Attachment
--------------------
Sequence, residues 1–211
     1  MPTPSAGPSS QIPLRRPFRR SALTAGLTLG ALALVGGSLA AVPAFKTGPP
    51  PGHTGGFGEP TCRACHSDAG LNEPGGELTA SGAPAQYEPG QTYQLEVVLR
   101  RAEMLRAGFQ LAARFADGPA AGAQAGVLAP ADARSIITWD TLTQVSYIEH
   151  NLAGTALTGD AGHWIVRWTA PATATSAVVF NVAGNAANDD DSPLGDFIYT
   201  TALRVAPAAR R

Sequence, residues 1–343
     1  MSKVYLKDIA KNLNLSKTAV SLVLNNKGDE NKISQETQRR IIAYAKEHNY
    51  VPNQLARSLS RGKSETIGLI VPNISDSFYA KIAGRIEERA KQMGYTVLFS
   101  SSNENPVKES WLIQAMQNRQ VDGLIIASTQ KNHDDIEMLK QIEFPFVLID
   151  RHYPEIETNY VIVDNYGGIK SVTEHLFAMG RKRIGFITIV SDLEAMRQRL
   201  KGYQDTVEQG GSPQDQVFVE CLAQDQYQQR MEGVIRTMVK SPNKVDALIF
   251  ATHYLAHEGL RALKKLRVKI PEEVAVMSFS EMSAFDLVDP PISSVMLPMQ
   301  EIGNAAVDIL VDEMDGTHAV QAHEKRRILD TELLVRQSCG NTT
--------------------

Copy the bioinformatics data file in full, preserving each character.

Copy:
Sequence, residues 1–211
     1  MPTPSAGPSS QIPLRRPFRR SALTAGLTLG ALALVGGSLA AVPAFKTGPP
    51  PGHTGGFGEP TCRACHSDAG LNEPGGELTA SGAPAQYEPG QTYQLEVVLR
   101  RAEMLRAGFQ LAARFADGPA AGAQAGVLAP ADARSIITWD TLTQVSYIEH
   151  NLAGTALTGD AGHWIVRWTA PATATSAVVF NVAGNAANDD DSPLGDFIYT
   201  TALRVAPAAR R

Sequence, residues 1–343
     1  MSKVYLKDIA KNLNLSKTAV SLVLNNKGDE NKISQETQRR IIAYAKEHNY
    51  VPNQLARSLS RGKSETIGLI VPNISDSFYA KIAGRIEERA KQMGYTVLFS
   101  SSNENPVKES WLIQAMQNRQ VDGLIIASTQ KNHDDIEMLK QIEFPFVLID
   151  RHYPEIETNY VIVDNYGGIK SVTEHLFAMG RKRIGFITIV SDLEAMRQRL
   201  KGYQDTVEQG GSPQDQVFVE CLAQDQYQQR MEGVIRTMVK SPNKVDALIF
   251  ATHYLAHEGL RALKKLRVKI PEEVAVMSFS EMSAFDLVDP PISSVMLPMQ
   301  EIGNAAVDIL VDEMDGTHAV QAHEKRRILD TELLVRQSCG NTT